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Decade Brings Change to
Tri-Citiies Quality of Life

by Michelle Dupler
The News Tribune, January 4, 2010

caption: (Paul Erickson photo) Former President George W. Bush assures a crowd above Ice Harbor Dam in 2003 that the dams on the Snake River were not in jeopardy of being breached while he was in office. During the decade, Bush and most Republicans were embraced by a strong majority of Mid-Columbia voters.

(Paul Erickson) Former President George W. Bush assures a crowd above Ice Harbor Dam in 2003 that the dams on the Snake River were not in jeopardy of being breached while he was in office. During the decade, Bush and most Republicans were embraced by a strong majority of Mid-Columbia voters. The Tri-Cities has emerged from the first decade of the 21st century with expanded options for education, health care, entertainment and leisure.

High points included the completion of trails and nature preserves, the expansion of local hospitals and clinics, construction of two new high schools, a new four-year university and a new convention center.

The decade also was one of shifting political attitudes when Republicans planted even deeper roots in the region, and a time when communities were shocked by unthinkable crimes.

Here's a look at some of the major ways the area has changed in the past 10 years.


Standardized tests were a hot topic during the past decade as the federal No Child Left Behind law required schools to bring all students up to uniform standards.

The Washington Assessment of Student Learning tests were Washington's controversial answer to No Child Left Behind, but parents and educators alike complained the test was too expensive, inefficient and that requirements to pass the WASL before graduation were unfair.

Newly elected Superintendent of Public Instruction Randy Dorn announced after taking office in January that he planned to replace the WASL with a series of shorter tests that would save time and money while keeping high standards.

Bilingual classes and English as a Second Language programs have been on the rise as the region's minority population increased.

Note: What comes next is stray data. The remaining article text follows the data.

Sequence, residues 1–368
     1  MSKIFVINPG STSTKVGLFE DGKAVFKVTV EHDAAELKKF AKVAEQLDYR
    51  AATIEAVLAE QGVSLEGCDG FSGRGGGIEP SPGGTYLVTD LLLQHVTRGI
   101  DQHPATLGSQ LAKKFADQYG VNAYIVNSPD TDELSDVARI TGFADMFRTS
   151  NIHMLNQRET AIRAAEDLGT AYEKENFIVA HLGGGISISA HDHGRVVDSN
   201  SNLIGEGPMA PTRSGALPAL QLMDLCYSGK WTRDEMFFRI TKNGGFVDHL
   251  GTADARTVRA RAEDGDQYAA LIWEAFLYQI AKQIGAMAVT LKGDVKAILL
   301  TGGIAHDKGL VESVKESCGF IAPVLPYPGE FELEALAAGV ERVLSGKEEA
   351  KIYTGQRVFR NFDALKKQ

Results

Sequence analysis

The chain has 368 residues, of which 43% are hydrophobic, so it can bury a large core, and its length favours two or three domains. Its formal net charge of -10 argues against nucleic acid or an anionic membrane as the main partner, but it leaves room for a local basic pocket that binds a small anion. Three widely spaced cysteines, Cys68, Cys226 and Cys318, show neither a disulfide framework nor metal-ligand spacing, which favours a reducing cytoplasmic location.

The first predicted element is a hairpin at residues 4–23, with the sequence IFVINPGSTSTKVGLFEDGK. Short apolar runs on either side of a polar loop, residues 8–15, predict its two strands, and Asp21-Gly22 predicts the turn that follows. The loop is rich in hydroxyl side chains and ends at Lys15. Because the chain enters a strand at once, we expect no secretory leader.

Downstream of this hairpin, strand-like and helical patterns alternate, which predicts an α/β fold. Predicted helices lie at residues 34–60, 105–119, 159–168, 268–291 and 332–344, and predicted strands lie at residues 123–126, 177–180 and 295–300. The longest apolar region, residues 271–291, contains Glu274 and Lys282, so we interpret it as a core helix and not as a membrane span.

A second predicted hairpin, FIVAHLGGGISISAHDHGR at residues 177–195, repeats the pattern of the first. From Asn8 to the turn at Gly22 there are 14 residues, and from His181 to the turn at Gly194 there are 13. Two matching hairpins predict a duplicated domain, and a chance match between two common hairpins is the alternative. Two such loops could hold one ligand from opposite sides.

Population growth also triggered construction of two new high schools -- Southridge in Kennewick and Chiawana in Pasco.

Opportunities for higher education increased as Columbia Basin College expanded facilities and programs until 2009, when state budget cuts forced the closing of some vocational programs.

Washington State University Tri-Cities began offering four-year degrees in 2007, giving students a chance to earn a degree closer to home.

Both schools saw record enrollments through the decade's last few years.

Health care

Health care options expanded, allowing Tri-Citians to get more kinds of care closer to home instead of traveling to Spokane or Seattle.

Kadlec Regional Medical Center added cardiac and neurosurgery specialties, a new pediatric center and built five floors of what eventually will be a 10-story tower on its Richland campus. A sixth floor is under way.

Kennewick General Hospital acquired a sleep lab, opened new senior health and endoscopy centers, and the area's first after-hours pediatric clinic. And KGH is planning a new hospital in the Southridge area.

Lourdes Medical Center in Pasco started the decade struggling financially but turned around by becoming designated a Critical Access Hospital in 2005, which allows special reimbursements under Medicare.

All three hospitals have opened new clinics and are seeing a growing number of patients.

But at the same time options have increased, the number of people without health insurance in Benton and Franklin counties has risen beyond the state average.

And the community lost an agency dedicated to helping connect the uninsured with health care when Benton-Franklin Access to Care went under in 2008 because it lacked funding.

Crime and courts

Murders are always shocking, but two during the past decade especially rocked the Tri-Cities.

Beloved Kiona-Benton football coach Bob Mars was stabbed to death in 2004 as part of a gang initiation. He was 44. Jordan E. Castillo, then 14, and Robert A. Suarez, then 16, were convicted of the killing.

The horrific slaying of pregnant Araceli Camacho Gomez made national news in the summer of 2008. Camacho Gomez, 27, was found dead in Kennewick's Columbia Park, her stomach ripped open and her baby gone. Phiengchai Sisouvahn Synhavong was charged with aggravated first-degree murder. Her case is still pending.